Model for prompt and effective classification of motion recovery after stroke considering muscle strength and coordination factors

Álvaro Costa-García, Ken Ichi Ozaki, Hiroshi Yamasaki, Matti Itkonen, Fady Alnajjar, Shotaro Okajima, Masanori Tanimoto, Izumi Kondo, Shingo Shimoda

Research output: Contribution to journalArticlepeer-review

9 Citations (Scopus)

Abstract

Background: Muscle synergies are now widely discussed as a method for evaluating the existence of redundant neural networks that can be activated to enhance stroke rehabilitation. However, this approach was initially conceived to study muscle coordination during learned motions in healthy individuals. After brain damage, there are several neural adaptations that contribute to the recovery of motor strength, with muscle coordination being one of them. In this study, a model is proposed that assesses motion based on surface electromyography (sEMG) according to two main factors closely related to the neural adaptations underlying motor recovery: (1) the correct coordination of the muscles involved in a particular motion and (2) the ability to tune the effective strength of each muscle through muscle fiber contractions. These two factors are hypothesized to be affected differently by brain damage. Therefore, their independent evaluation will play an important role in understanding the origin of stroke-related motor impairments. Results: The model proposed was validated by analyzing sEMG data from 18 stroke patients with different paralysis levels and 30 healthy subjects. While the factors necessary to describe motion were stable across heathy subjects, there was an increasing disassociation for stroke patients with severe motor impairment. Conclusions: The clear dissociation between the coordination of muscles and the tuning of their strength demonstrates the importance of evaluating these factors in order to choose appropriate rehabilitation therapies. The model described in this research provides an efficient approach to promptly evaluate these factors through the use of two intuitive indexes.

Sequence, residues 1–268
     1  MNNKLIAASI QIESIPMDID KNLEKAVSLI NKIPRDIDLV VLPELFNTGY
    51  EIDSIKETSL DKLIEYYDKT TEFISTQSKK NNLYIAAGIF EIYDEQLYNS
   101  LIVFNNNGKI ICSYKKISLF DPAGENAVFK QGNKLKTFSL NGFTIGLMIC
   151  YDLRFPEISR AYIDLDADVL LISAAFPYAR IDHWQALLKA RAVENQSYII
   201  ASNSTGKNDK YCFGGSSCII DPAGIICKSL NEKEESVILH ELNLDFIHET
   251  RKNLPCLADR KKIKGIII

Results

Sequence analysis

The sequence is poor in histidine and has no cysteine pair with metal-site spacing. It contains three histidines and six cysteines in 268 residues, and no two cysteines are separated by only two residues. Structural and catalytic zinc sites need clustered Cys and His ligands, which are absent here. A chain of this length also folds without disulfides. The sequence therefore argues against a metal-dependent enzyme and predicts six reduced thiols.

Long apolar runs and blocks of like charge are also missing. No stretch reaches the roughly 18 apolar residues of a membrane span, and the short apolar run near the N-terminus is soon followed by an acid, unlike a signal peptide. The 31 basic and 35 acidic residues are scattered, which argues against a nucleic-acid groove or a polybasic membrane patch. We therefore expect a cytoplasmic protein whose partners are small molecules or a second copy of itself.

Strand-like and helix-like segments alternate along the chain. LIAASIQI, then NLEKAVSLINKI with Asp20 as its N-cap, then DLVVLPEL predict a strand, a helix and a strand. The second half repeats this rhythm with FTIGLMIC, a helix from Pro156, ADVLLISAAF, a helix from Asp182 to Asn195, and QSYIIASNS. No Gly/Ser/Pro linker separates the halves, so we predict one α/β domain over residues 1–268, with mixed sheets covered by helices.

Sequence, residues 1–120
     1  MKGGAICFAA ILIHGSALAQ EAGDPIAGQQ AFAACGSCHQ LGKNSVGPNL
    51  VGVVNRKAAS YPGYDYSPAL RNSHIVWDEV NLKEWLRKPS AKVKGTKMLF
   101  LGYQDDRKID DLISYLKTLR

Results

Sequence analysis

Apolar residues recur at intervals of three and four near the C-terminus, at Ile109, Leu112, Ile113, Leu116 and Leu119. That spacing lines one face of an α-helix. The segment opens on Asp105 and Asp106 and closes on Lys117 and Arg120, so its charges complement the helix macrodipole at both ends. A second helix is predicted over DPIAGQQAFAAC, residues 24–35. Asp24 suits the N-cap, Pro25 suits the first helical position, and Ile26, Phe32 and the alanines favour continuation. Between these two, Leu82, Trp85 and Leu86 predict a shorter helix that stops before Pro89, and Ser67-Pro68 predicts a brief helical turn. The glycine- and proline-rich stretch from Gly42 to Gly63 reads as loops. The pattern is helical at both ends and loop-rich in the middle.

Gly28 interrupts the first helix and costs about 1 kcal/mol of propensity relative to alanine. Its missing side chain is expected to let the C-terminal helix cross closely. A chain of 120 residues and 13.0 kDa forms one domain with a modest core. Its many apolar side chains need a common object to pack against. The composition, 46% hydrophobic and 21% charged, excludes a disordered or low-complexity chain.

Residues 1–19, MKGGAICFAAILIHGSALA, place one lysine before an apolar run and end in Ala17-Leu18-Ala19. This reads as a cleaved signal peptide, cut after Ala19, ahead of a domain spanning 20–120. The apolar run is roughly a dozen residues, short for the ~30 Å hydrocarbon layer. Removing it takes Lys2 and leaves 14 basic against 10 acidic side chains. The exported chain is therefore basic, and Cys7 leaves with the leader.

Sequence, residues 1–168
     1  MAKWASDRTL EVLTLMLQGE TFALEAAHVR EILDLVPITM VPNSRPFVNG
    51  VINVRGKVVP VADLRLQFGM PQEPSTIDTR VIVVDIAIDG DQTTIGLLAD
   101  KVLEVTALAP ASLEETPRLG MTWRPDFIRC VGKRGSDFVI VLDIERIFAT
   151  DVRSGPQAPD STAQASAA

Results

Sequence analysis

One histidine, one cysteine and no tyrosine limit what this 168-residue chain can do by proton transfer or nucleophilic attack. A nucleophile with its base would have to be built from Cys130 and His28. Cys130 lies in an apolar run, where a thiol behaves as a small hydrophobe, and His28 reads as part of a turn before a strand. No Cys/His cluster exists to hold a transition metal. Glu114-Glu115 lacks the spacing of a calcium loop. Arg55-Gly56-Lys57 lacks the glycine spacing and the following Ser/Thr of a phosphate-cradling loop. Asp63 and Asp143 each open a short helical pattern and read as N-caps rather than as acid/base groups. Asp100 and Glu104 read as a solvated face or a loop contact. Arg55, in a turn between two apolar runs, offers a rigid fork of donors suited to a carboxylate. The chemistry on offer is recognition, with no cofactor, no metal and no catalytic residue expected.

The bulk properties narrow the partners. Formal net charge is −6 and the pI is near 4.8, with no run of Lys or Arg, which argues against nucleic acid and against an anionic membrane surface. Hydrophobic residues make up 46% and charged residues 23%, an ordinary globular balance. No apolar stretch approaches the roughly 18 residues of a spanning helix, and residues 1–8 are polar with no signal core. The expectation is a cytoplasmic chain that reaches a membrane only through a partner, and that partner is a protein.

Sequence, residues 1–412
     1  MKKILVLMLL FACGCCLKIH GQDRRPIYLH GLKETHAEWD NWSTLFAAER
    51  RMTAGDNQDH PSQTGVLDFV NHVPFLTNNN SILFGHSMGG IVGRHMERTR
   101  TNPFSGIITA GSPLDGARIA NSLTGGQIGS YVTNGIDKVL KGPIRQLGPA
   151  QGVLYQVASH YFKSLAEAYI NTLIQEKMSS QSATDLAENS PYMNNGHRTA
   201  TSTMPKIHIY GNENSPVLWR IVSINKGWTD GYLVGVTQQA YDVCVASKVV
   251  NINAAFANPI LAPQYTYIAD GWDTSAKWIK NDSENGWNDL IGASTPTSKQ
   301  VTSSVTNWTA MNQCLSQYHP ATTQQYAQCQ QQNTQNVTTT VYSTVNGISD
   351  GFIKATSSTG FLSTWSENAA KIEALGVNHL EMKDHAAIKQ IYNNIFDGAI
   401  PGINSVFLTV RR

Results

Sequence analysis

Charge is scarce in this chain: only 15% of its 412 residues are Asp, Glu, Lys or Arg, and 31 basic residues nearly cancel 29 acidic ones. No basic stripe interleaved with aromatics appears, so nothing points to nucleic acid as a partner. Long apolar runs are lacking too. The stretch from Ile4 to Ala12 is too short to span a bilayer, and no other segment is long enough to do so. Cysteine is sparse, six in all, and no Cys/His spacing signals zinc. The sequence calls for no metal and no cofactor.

Original languageEnglish
Article number130
JournalJournal of NeuroEngineering and Rehabilitation
Volume16
Issue number1
DOIs
Publication statusPublished - Nov 4 2019

Keywords

  • Electromyography
  • Motion performance
  • Motor strength gain
  • Muscle effective strength
  • Muscle mirror symmetry
  • Muscle synergies
  • Stroke recovery

ASJC Scopus subject areas

  • Rehabilitation
  • Health Informatics

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